“Every year, we add extensions to areas and subdivisions where it’s financially feasible,” said Klemm. “It’s a never-ending process; we’re always evaluating different areas. That’s sometimes spurred by the city, sometimes by homeowners who get together and approach the city.”

Larger extensions made in the past include projects around Little Pine and Big Pine Lakes and parts of Ottertail.

Due to the higher prices of propane and fuel oil this year, Klemm said, “there’s definitely more interest” from people than usual.

According to information shared by Perham’s Finance Officer, Patti Stokke, the average annual heating cost for a home that uses natural gas is $627. By comparison, homes that use electric heat cost $2,041 per year to keep warm; electricity/duel fuel costs $1,169; propane, $3,728; and fuel oil, $2,099. These figures are based on prices compiled from local suppliers on Tuesday.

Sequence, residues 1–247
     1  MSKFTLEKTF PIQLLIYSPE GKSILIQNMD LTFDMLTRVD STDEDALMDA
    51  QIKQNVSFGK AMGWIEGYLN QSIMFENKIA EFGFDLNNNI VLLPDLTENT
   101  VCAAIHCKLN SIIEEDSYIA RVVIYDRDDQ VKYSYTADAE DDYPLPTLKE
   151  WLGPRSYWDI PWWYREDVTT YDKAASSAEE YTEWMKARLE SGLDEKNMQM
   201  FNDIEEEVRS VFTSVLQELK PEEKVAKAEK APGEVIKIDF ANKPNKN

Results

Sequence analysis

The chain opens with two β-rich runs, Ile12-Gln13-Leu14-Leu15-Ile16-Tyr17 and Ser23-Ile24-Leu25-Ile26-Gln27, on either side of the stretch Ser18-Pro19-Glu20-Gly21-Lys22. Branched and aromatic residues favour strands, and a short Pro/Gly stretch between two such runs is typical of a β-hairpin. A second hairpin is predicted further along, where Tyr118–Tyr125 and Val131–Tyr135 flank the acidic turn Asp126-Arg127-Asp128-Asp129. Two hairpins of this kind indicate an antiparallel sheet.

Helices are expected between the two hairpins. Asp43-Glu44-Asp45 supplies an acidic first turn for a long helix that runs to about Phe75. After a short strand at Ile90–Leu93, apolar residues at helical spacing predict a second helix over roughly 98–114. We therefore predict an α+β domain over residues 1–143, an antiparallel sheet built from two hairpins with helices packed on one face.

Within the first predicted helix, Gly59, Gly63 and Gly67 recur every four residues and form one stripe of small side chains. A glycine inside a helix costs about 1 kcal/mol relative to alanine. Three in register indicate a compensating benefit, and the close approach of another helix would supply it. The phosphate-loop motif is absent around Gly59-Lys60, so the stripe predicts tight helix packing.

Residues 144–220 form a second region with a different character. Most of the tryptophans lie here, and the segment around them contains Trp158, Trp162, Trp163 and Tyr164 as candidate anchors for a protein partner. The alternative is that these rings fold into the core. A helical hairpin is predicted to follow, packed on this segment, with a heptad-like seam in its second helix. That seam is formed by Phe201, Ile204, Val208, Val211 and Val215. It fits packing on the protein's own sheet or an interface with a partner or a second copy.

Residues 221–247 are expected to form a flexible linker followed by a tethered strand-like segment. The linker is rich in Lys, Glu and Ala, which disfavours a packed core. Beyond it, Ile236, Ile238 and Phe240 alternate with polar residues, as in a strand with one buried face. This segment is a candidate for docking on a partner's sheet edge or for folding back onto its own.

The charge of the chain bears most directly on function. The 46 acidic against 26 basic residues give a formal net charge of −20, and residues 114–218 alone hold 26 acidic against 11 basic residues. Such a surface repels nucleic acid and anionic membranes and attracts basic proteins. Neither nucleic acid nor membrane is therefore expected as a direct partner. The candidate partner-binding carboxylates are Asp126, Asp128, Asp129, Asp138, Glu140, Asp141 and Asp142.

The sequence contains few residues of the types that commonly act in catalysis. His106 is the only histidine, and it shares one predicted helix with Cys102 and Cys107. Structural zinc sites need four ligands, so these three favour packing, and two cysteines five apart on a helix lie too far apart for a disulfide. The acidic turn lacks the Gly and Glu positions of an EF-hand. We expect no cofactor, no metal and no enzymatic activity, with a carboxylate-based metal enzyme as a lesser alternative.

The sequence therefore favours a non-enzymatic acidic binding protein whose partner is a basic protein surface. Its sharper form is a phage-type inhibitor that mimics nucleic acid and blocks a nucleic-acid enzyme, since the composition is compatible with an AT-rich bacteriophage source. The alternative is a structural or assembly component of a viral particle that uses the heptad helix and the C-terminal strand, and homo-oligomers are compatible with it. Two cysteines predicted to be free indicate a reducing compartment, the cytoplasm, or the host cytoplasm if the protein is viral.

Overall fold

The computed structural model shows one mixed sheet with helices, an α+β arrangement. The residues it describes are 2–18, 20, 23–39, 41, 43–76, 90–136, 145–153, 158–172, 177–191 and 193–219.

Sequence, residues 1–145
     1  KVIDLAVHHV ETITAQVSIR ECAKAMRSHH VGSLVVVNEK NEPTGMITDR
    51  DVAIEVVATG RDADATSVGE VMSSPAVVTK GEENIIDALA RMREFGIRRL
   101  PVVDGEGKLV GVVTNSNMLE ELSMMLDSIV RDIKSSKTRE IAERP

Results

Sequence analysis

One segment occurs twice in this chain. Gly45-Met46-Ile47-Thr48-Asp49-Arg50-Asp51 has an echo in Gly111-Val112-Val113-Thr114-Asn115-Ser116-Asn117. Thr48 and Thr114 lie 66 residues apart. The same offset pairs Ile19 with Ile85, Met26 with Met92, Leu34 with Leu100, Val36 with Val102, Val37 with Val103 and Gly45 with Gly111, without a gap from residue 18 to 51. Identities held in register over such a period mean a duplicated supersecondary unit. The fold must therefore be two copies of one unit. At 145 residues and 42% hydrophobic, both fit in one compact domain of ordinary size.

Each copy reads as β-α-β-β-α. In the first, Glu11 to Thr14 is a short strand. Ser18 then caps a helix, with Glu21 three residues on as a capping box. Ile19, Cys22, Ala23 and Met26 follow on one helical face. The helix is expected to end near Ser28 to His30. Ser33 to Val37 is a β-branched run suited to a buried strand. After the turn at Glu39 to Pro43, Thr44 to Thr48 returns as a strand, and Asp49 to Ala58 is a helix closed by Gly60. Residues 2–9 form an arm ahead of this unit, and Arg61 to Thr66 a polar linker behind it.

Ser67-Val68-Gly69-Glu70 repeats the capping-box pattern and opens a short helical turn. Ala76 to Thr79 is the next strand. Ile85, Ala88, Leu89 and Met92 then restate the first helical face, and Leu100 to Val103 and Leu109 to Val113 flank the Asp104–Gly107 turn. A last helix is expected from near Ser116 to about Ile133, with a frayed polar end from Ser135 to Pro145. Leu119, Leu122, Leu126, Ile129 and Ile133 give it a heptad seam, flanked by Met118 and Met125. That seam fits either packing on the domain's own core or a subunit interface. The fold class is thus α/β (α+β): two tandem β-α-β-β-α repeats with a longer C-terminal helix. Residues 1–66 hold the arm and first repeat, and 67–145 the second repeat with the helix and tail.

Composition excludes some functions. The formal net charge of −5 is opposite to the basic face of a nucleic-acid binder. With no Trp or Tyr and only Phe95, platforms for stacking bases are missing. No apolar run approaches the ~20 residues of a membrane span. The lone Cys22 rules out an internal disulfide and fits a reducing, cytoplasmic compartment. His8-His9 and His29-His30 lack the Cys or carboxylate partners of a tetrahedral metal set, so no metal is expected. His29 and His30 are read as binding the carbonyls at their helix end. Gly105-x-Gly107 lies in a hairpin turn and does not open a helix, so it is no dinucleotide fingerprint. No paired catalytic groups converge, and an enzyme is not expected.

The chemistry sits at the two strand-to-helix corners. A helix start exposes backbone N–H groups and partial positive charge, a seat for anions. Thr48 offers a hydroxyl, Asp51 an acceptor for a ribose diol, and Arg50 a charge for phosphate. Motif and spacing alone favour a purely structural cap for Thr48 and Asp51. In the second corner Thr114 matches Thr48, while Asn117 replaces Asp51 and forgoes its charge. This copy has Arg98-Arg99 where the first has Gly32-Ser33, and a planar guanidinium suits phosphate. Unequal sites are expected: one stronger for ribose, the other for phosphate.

To reach the state’s propane hotline, call 800-657-3504 between the hours of 9:30 a.m. and 4:30 p.m.

Marie Johnson

Marie Johnson joined the Perham Focus more than five years ago, and has since worn many hats as writer, editor and page designer. She lives in rural Frazee with her husband, Dan, their one-year-old son, Simon, and their yellow lab, Louisa.